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Removing Barriers, Building Empathy, and Fostering Belonging

Kristin Fox
Kristin Fox
September 7, 2021

I never thought going to the beach would be a place where I would learn so much about accessibility and acceptance. But that is exactly what happened.

Last year, I became a quadruple amputee. This year, I rolled down to the ocean, smiling from ear to ear, thankful for the accessible options available. It is situations like this that make me realize how important it is to provide the options that all learners need so they can be included and can feel like they belong. This needs to be true both in and out of the classroom. 

We planned our trip the UDL way - always looking for the flexible options we needed. For example, we rented a home with an elevator that was accessible to all levels including to the pool deck where I was able to swim and enjoy time with my family. Additionally, we rented a beach wheelchair that gave me easy access to the beach. By pre-planning and preparing, we were able to eliminate barriers and enjoy time as a family. This affirmed the importance of designing with variability in mind.

Because barriers were removed, and because the options I needed were provided, other people saw that I belonged there and it is my hope that it helped them to build empathy. I had access to the beach because someone predicted that mobility on the sand could be a barrier and they created a pathway to eliminate that barrier. We need to predict barriers that our students may face, but we can't stop there. As we get to know our students throughout the year, we must become aware of things that we can do to remove barriers so they feel as though they can truly belong, while increasing empathy within our classroom.

When we remove barriers, we create more inclusive classrooms so that all students have the opportunity to learn a grade-level curriculum. When our students are given the chance to learn amongst their peers regardless of their ability or disability, all students learn and build empathy.

Just like my family did for me on the beach, teachers need to ensure that they are creating a safe space for learners by removing threats and barriers to student learning. In doing so, teachers can ensure that the classroom environment has been set up so that it is accepting of all learners. For example, students may find it more beneficial to use talk-to-text options when completing a task for assignment. The learning environment should allow for this option by giving students a quiet place to complete their tasks while ensuring they are meeting the expectations of the assignment and showing mastery of the standard.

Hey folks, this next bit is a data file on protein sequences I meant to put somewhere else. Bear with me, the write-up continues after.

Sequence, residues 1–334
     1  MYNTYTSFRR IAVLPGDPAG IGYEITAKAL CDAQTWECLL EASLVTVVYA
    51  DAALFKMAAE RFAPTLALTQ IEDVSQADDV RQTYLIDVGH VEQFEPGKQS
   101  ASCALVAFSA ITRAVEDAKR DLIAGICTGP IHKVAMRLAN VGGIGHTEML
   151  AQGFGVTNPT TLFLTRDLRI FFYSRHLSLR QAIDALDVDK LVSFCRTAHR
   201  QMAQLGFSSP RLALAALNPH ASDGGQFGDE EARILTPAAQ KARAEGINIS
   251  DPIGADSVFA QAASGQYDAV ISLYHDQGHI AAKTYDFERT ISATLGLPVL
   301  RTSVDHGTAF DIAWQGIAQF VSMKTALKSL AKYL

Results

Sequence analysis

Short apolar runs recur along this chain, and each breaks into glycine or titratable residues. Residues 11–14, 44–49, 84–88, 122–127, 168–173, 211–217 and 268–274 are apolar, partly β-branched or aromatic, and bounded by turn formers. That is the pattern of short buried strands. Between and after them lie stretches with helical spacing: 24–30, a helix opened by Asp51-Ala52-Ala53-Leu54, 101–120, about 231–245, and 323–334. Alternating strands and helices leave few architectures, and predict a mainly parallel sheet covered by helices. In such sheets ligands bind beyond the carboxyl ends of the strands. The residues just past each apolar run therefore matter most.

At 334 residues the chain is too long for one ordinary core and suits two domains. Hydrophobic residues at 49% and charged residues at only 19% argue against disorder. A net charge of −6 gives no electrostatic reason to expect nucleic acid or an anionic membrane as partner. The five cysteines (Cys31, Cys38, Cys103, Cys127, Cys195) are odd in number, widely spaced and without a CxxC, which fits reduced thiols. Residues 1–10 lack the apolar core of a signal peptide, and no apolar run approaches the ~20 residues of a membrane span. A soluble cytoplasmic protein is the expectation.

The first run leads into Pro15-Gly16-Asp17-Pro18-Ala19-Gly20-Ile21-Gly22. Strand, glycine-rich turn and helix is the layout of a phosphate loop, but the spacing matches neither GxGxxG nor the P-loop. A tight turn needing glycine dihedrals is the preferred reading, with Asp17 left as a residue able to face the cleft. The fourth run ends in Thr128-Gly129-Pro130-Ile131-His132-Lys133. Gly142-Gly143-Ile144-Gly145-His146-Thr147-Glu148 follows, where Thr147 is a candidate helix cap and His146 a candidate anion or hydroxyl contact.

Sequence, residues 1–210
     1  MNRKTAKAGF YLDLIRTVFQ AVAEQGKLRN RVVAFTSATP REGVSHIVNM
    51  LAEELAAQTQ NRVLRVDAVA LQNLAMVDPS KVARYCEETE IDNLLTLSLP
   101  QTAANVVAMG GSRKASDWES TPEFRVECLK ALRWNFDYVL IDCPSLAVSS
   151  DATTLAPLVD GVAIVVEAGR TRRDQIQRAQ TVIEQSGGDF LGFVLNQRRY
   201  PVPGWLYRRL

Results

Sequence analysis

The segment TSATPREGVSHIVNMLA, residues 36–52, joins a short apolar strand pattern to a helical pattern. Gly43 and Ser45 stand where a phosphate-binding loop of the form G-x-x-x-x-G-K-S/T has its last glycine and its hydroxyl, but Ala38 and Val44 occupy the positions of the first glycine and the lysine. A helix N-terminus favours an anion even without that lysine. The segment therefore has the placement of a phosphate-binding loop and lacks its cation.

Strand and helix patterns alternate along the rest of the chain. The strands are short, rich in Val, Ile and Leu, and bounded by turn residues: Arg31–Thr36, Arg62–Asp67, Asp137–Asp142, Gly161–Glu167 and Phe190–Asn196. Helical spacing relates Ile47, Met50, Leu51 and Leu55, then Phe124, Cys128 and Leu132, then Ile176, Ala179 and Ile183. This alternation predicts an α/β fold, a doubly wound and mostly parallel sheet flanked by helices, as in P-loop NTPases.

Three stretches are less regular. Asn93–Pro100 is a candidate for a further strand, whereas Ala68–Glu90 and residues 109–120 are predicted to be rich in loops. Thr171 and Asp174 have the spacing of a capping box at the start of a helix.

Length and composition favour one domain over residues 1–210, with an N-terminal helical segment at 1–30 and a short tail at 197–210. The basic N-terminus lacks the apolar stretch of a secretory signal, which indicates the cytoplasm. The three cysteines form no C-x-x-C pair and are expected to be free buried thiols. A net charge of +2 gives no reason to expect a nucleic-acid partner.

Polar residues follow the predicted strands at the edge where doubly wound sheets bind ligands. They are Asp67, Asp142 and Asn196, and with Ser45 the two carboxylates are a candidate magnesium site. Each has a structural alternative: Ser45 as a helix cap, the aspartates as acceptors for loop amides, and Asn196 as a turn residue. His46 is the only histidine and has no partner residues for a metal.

Fully inclusive classrooms allow for our students to learn together and to develop a greater understanding of each other. Therefore, we must continue to remove barriers by making our classrooms as accessible as possible through options and various representations that show mastery of their learning while building behaviors that go beyond the classroom to create a more inclusive world for all.

Kristin Fox and her family at the beachAs this school year begins, and we are learning to adapt from survival mode to thriving, we must be aware of barriers and provide pathways, tools, and options to eliminate them. As educators, we must see this as an opportunity to do better to serve all of our students in a hope that they are more flexible and more confident when they exit our classroom.

To end this story, I want to share an anecdote about the power of inclusion. During our time at the beach, we became friends with a family that was sitting near us each day and was also from the great state of Ohio. At first, they watched in awe as I maneuvered my way down the beach sometimes in the wheelchair and sometimes by walking with my volleyball knee pads. Eventually, our conversations became more frequent and their grandchildren began to ask questions about my amputations and how I was able to move so well in the water. I was so happy that they felt comfortable enough to ask me these questions. Children are resilient and are a sponge of knowledge just waiting to learn and experience more that life has to offer. When we expose them to differences, they build empathy and they also learn how to maneuver through their own challenges they face in everyday life.

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